Though not offering the on-paper value of its RTX 3080 sibling, the £1,500 RTX 3090 remains king of the performance hill, providing 10-15 percent more performance that's most keenly felt at the 4K resolution.
Every board partner building RTX 30-series cards has multiple versions of each model in its arsenal. Asus is certainly no different and populates the monster GPUs with TUF Gaming (OC) and ROG Strix versions. We took a close look at the RTX 3080 TUF Gaming OC in a previous review, which is handy as the RTX 3090 TUF Gaming OC is on the testbench today.
There is little need to change the cooling apparatus as the amount of power needed to be evacuated is similar between GPUs, even if price is not. The RTX 3080 model is said to draw 340W while the RTX 3090 pulls approximately 360W.
As before, build quality is top-notch. The all-aluminium shroud has no flex, and the trio of fans switches off at temperatures below 55°C. When they do come back on, the transition is smooth in both speed and noise. The centre fan rotates in the opposite direction to the outer duo, and Asus claims this reduces cross-fan turbulence. However, on this RTX 3090 we noticed the fans would switch on momentarily when subject to very light load - playing a YouTube movie, for example - and then switch off a second later. Barely noticeable in a regular system, but nevertheless not totally quiet at idle.
This 2.7-slot card tips the scales at almost 1.4kg but presents no GPU sag when screwed in properly. Take note of the capacitors on the back. Our review model features only MLCC capacitors for decoupling close to the GPU; first-run versions, not available to the public, used SP-CAP. The purpose for highlighting this change rests with the ongoing issues experienced by some users, where the choice of capacitors impacted upon stability by not sufficiently keeping up with varying voltage demands caused by too-aggressive changes in GPU frequency.
Nvidia says it has addressed this issue with a new driver, which smooths out the GPU boost frequency, while partners have fervently released stability-related updates of their own. All that said, we experienced no problems on either an AMD Ryzen 9 3950X or Intel Core i9-10900K system. This SLI-capable TUF Gaming OC offers a choice of two BIOSes; one for performance (default) and the other primed for quietness. Asus reckons the quiet BIOS sacrifices 9°C temperature for a 5dB quieter experience. We'll show you what we found later in the review.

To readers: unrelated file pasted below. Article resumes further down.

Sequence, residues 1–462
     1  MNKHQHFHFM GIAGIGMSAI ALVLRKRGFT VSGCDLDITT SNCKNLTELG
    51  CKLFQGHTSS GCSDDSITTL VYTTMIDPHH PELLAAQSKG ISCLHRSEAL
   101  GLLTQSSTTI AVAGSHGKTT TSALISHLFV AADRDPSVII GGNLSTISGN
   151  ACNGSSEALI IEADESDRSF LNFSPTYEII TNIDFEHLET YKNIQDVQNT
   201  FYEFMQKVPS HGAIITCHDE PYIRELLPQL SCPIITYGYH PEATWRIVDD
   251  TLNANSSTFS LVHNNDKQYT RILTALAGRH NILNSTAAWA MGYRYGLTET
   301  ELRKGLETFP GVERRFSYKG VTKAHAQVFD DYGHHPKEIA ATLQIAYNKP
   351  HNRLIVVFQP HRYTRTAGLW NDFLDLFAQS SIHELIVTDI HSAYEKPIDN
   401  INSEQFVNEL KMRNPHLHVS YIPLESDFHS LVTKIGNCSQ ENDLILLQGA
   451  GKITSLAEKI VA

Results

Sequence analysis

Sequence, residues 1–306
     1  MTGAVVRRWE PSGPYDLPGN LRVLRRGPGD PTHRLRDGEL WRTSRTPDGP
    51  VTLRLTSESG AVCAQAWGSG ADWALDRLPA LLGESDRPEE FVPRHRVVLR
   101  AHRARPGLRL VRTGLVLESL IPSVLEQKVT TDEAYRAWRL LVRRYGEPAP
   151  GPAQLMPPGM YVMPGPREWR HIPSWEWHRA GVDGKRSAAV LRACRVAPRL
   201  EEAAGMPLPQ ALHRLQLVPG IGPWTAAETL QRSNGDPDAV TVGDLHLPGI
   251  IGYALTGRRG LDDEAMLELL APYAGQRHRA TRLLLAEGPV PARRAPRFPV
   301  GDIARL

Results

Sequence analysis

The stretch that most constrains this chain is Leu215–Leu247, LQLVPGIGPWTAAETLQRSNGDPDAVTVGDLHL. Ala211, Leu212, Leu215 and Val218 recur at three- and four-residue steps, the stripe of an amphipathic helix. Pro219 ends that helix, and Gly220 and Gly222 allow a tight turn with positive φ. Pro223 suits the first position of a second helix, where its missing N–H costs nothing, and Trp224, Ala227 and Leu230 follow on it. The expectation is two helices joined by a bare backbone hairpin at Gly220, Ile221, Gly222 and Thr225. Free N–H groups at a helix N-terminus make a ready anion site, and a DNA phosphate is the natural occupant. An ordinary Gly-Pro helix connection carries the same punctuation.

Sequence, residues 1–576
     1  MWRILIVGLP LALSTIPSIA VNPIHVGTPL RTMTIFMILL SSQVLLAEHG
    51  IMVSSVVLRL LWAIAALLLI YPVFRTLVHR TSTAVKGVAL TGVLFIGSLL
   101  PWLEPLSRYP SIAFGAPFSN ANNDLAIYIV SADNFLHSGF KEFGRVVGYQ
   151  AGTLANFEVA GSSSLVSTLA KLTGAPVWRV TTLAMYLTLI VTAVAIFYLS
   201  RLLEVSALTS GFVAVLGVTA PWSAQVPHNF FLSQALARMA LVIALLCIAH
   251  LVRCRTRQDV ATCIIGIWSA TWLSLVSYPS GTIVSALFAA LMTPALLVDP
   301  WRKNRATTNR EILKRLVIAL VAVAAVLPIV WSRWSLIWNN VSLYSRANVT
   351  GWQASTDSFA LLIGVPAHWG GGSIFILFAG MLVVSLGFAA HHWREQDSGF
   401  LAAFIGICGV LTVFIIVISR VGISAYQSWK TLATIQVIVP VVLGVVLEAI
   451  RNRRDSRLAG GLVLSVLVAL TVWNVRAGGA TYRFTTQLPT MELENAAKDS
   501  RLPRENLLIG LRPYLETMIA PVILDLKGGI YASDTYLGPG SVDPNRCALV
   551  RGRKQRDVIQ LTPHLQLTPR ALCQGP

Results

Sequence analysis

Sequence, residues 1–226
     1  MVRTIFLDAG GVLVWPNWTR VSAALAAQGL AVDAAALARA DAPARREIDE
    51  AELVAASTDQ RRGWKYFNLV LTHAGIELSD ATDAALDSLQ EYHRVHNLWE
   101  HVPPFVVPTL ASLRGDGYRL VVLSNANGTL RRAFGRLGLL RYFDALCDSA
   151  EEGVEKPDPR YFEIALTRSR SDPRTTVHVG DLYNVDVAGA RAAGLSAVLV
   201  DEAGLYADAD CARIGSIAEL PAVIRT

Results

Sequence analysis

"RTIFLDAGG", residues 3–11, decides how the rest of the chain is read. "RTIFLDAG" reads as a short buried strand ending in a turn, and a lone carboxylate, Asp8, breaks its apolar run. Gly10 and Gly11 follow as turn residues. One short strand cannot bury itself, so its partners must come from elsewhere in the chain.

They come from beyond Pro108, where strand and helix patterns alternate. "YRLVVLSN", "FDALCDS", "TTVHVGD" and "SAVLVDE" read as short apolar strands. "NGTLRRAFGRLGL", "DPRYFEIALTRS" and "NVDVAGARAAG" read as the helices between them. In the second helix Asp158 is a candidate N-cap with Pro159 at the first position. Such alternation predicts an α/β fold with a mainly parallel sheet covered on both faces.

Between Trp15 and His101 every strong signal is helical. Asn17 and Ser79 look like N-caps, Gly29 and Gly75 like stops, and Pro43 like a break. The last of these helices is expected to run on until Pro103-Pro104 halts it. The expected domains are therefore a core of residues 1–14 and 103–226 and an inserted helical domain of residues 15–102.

The RTX 30-series TUF Gaming OC cards share the same dimensions of 300mm length, 127mm width and 52mm thickness. That's large by anyone's definition, but not silly; the Strix models are bigger still. RGB is limited to the TUF logo on the left, and power is sourced by a couple of 8-pin connectors, which is ample as overclocking headroom is limited. Nevertheless, Asus recommends an 850W PSU if running with either Ryzen 9 or Core i9.
Underneath the six-heatpipe heatsink Asus uses a 20-phase (16+4) power supply for both TUF Gaming OC cards. One would normally say it makes most sense to opt for the cheaper non-OC variant of this product line and overclock to the same levels. That would ordinarily be true, yet the regular TUF Gaming cards use the same 20-phase supply allied to 50A MOSFETs, instead of the 55A found here. Not a major difference, of course, but knowing in any case.
Speaking of TUFs, Asus ships this beast with a 1,740MHz boost clock, up from the reference 1,695MHz. The core frequency is further heightened by installing GPU Tweak II software that offers a 1,770MHz clock. GDDR6X memory, meanwhile, stays at a standard 19.5Gbps.
RTX 3090 carries memory chips on the backside, unlike RTX 3080, so there is intrinsic merit in Asus having a card-wide aluminium backplate with a cut-out for airflow. There are actually two heatsinks present on the top side; the first stretches across the card and primarily cools the GPU and power stages, while the second surrounds the memory and, surprisingly, is imbued with a single heatpipe of its own.
Dual HDMI 2.1 and a trio of DisplayPort offer decent flexibility, though bear in mind that the card can drive four displays at once, not five. Asus says that each card goes through a 144-hour stress test before being certified TUF enough for sale and touts a new I/O bracket with over twice the tensile strength of a normal one. Such implicit reliability and toughness don't translate over to the warranty, which remains an industry-standard three years. We'd really like to see five on this model.
Coming finally to the thorny issue of price and availability. At the time of writing, the card is not in stock anywhere reputable. Pre-order pricing is set at £1,560, but understand very few, if any, retailers are providing a firm delivery date. Patience will have to be a virtue in this case.